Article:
The museum in Amalienborg Palace is a popular sight to see in Copenhagen. It covers royal history of the Danish constitutional kings and queens.
The Amalienborg Palace complex in Copenhagen is the official residence of the Danish monarch. Two of the four Amalienborg rococo palaces are open to visitors. The Amalienborg Palace Museum (Amalienborgmuseet) is in the Christian VIII palace and comprises mostly the studies of the kings of the past century and a half, as well as some of the original neoclassical representation rooms of Amalienborg. The representation rooms that are still in use in the adjacent Christian VII palace may be seen on guided tours but for this part of the palace reservations are essential.
The Amalienborg Palace Museum
The Amalienborg Palace Museum gives an overview of royal life and palace interiors of mostly the constitutional monarchs of Denmark since 1849. The period of the absolute monarchy from the 17th to 19th centuries is comprehensively covered in the very popular Rosenborg Castle elsewhere in Copenhagen.
The museum is spread over two floors in the Christian VIII Palace – it is seen without a guided tour. The first floor has mostly reproduced studies of the various monarchs while a visit to the upper floor includes some of the representation rooms that were designed when the royal family unexpectedly had to move into the Amalienborg Palace at the end of the 18th century. A peak into the royal attic is also surprisingly interesting.
See the Amalienborg Palace for more on the palace complex and the changing of the guard ceremonies.
Royal Studies in the Amalienborg Palace
The main attraction of the Christian VIII Palace in Amalienborg is the studies of the various monarchs. These were reproduced largely in the same spaces as the originals were in the adjacent palaces where the kings lived.
The Study of Frederik IX (1947-72) confirms his naval background and love of music. It also shows an enormous collection of pipes – even to the present day, the queen and most of the Danish royal family are heavy smokers (although the last couple of years they’ve mostly refrained from doing so while video cameras are running).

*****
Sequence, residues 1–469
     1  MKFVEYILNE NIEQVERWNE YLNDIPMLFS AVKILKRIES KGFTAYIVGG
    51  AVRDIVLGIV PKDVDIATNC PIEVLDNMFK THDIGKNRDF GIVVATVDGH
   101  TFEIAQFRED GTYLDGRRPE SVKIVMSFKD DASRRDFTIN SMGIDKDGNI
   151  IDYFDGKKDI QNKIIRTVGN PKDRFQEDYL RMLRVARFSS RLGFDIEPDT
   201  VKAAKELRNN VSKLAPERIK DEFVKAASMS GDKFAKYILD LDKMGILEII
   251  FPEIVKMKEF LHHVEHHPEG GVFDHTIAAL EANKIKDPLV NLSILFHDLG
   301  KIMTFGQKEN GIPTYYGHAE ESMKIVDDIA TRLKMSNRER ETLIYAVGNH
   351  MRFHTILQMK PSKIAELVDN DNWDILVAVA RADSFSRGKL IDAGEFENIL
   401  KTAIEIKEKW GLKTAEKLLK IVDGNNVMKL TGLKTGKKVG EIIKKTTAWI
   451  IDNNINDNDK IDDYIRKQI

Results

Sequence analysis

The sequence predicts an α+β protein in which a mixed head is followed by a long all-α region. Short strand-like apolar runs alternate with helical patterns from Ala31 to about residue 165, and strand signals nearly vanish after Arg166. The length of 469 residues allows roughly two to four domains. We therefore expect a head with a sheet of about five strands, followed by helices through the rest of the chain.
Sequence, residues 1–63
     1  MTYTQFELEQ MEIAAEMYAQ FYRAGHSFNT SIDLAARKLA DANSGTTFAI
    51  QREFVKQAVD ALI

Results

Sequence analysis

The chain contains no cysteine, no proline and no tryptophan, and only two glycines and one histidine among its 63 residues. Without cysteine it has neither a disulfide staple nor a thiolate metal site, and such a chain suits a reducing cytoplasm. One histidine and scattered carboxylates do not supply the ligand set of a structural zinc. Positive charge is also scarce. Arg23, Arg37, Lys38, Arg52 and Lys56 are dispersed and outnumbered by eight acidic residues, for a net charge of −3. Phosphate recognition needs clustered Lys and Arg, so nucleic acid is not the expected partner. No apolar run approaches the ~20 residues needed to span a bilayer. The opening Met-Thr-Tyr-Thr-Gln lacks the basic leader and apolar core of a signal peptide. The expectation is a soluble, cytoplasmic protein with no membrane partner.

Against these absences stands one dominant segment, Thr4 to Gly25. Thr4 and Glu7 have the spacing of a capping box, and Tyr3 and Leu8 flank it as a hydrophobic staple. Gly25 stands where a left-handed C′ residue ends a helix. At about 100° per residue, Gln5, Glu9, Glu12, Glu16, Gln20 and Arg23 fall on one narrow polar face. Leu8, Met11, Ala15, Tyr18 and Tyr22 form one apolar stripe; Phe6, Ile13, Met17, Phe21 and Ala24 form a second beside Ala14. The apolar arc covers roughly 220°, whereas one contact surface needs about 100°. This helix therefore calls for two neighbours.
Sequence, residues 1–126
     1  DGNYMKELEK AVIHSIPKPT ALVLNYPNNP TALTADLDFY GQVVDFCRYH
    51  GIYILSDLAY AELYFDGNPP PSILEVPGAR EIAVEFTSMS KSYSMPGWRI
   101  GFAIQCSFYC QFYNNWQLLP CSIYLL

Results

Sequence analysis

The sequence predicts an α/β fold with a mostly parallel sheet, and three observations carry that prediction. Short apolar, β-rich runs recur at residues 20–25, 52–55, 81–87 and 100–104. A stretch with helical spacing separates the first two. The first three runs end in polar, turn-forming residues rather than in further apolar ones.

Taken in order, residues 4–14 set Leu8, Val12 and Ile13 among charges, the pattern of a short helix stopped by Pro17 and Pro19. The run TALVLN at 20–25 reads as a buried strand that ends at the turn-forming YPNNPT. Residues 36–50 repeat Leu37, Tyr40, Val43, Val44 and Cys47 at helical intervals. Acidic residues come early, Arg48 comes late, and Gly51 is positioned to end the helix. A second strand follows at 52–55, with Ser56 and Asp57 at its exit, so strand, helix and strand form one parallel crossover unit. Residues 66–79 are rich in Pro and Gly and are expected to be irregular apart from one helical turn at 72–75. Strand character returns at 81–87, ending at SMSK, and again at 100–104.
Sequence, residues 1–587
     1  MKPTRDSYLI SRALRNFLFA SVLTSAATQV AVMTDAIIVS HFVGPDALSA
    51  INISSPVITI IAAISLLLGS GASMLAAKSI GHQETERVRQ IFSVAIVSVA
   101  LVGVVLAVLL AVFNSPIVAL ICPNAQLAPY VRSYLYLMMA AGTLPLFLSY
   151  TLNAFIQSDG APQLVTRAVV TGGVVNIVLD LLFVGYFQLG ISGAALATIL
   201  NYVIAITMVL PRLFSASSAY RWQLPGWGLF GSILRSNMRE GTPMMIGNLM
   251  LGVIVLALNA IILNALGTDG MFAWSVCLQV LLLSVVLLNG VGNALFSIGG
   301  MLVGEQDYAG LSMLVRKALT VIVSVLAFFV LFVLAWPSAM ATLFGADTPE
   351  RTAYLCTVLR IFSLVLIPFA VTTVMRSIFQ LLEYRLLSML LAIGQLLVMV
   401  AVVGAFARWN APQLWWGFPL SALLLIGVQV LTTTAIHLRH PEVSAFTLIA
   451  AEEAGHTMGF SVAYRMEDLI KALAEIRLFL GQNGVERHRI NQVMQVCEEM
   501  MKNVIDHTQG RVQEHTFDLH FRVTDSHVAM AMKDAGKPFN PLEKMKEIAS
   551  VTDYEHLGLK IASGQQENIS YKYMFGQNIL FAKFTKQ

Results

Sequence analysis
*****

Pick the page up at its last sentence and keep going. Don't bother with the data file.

The Study of Christian IX (1863-1906) is typical Victorian with many items but most noticeably a large collection of family photos – a new and expensive – status symbol at the time. It also confirmed his status as Europe’s father in law given that six of his children married into other European ruling royal families.
His wife, Queen Louise, had an equally busy salon that left no space unadorned.
The Garden Room is the largest room on the ground flour and the only one in the palace with its original rococo ceiling. However, few visitors look up, as the room is dominated by a large interactive scale model of the Amalienborg complex.
The Dining Room with its golden walls are mostly turn of the century and was in used during the first half of the 20th century.
The Study of Christian X (1899-1947) is the most authentic of all the royal studies on show, as it is not a recreation but the original. It is a dark room with heavy furniture and with a large collection of sabers and guns.
The Costume Gallery has a changing exhibition of royal dresses and uniforms.
The Study of Frederik VIII (1906-1912) was furnished during the 1860s in Renaissance Revival style – heavy furniture and fake golden leather on the walls. The polar bear skin hints at Denmark’s rule over Greenland. (For similar reasons, polar bears feature on the roof of Copenhagen’s town hall.)
The Golden Cage is a small treasury with some royal jewels and bejeweled objects by artists as famous as Fabergé and Jerichau – the real treasury and Danish crown jewels are on display in the Rosenborg Castle.
Representation Rooms in the Piano Nobile